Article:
Even in the most challenging places, investment and growth are possible. And of all the places most in need of development, the Sahel must sit near the top of the list.

Aliou Maiga |

One of the challenges presented by the ambitious Sustainable Development Goals (SDGs) laid out in the UN 2030 Agenda is where to begin. Afrobarometer, which conducts public attitude surveys in…

E. Gyimah-Boadi |

Last month, I attended the International Family Planning Conference in Kigali, Rwanda, where policymakers from across the world gathered to strategize about ways to achieve a demographic dividend—…

Annette Dixon |

Map 1: Spatial distribution of Burkina Faso's portfolio With nearly half of the population (or approximately 8 million people) living in extreme poverty, Burkina Faso is poised to make…

Johannes Hoogeveen, Nga Thi Viet Nguyen, Cheick Fantamady Kante |

“Tell me where you live, and I can predict how well you’ll do in life.”  Does welfare vary largely across space?   Although I don’t have a crystal ball, I do know for a fact that location is an…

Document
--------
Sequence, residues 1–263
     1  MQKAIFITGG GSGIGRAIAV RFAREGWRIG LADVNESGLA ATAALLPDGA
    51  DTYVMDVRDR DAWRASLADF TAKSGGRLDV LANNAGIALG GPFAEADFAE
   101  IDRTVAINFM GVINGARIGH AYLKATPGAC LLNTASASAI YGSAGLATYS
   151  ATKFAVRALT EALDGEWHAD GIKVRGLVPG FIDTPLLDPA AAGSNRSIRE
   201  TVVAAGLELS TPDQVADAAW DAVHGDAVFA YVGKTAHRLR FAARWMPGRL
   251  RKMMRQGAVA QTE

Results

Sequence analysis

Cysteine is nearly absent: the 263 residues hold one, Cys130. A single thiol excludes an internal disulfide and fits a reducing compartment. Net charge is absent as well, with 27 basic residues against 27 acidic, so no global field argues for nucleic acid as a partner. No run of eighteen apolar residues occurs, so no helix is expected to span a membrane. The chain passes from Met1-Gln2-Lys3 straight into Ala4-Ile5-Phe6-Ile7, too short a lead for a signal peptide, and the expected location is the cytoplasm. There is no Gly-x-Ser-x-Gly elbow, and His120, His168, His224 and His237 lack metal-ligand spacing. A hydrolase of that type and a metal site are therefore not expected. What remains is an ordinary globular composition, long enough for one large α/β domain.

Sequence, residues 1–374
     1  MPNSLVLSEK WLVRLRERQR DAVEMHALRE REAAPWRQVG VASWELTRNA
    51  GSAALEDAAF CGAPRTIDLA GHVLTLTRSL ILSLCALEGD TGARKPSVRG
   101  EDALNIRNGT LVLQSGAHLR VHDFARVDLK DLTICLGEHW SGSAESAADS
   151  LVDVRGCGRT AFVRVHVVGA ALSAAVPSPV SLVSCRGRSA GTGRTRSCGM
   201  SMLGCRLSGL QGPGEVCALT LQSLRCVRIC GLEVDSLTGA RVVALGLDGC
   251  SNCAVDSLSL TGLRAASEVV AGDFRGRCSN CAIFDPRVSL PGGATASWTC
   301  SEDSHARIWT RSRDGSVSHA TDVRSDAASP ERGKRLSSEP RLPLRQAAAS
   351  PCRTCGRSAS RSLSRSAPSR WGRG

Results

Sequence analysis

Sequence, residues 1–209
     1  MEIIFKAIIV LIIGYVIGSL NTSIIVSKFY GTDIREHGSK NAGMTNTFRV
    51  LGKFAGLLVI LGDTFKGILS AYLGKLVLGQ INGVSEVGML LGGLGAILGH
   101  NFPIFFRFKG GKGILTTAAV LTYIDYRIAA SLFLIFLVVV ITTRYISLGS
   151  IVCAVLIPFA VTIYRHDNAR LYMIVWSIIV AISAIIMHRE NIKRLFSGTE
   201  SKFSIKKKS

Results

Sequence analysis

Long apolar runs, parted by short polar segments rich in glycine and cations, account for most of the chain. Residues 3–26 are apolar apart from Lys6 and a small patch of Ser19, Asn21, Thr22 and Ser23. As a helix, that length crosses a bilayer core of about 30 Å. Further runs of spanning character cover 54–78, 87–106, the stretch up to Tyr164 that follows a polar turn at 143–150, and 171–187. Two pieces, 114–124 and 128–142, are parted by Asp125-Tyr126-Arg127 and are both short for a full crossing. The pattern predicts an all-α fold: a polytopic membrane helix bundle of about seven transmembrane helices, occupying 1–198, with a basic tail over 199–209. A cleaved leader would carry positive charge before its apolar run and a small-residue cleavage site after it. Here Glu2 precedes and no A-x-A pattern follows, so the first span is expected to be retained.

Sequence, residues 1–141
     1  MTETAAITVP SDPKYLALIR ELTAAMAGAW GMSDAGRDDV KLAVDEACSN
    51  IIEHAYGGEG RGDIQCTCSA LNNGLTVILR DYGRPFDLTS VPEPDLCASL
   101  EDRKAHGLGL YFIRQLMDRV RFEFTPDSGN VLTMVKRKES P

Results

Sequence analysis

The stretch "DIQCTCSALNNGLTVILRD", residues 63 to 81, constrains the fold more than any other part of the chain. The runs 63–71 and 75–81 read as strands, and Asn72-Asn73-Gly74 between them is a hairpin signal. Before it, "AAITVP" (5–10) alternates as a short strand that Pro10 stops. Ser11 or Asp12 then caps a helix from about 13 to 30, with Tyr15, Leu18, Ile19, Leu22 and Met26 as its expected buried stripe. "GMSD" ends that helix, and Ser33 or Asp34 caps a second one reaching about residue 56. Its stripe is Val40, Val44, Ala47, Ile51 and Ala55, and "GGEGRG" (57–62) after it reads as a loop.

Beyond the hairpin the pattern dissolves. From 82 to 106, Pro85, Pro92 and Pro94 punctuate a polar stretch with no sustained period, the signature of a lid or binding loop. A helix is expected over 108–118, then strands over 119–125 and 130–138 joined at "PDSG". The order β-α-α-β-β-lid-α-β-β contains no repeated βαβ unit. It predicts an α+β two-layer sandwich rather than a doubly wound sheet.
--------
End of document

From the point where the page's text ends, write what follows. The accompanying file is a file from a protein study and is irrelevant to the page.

Nga Thi Viet Nguyen, Felipe F. Dizon |

Coastal erosion is threatening homes and livelihoods in Togo. Photo by: Eric Kaglan, World Bank  Togolese families often place talismans, thought to contain magical or spiritual properties,…

Dahlia Lotayef |

In recent years, growing evidence supports the value of cash transfers. Research demonstrates that cash transfers lead to productive investments (in Kenya, Tanzania, and Zambia), that they improve…

David Evans |

This blog was first published on September 15, 2015 by Alexandre Marc, Chief Specialist for Fragility, Conflict, and Violence at the World Bank and author of the recently published book, “The…

Alexandre Marc |

Food price volatility remains a pressing challenge for many African countries (FAO, IMF, and UNCTAD, 2011).  The vast majority of Africa’s population still derives a substantial share of their…

Moctar NDiaye, Elodie Maître d’Hôtel, Tristan Le Cotty |

For economists, it is borderline redundant to say that corruption has economic origins—classic and contemporary work has long held the belief that higher salaries are better for corruption. Due to…

Kweku Opoku Agyemang |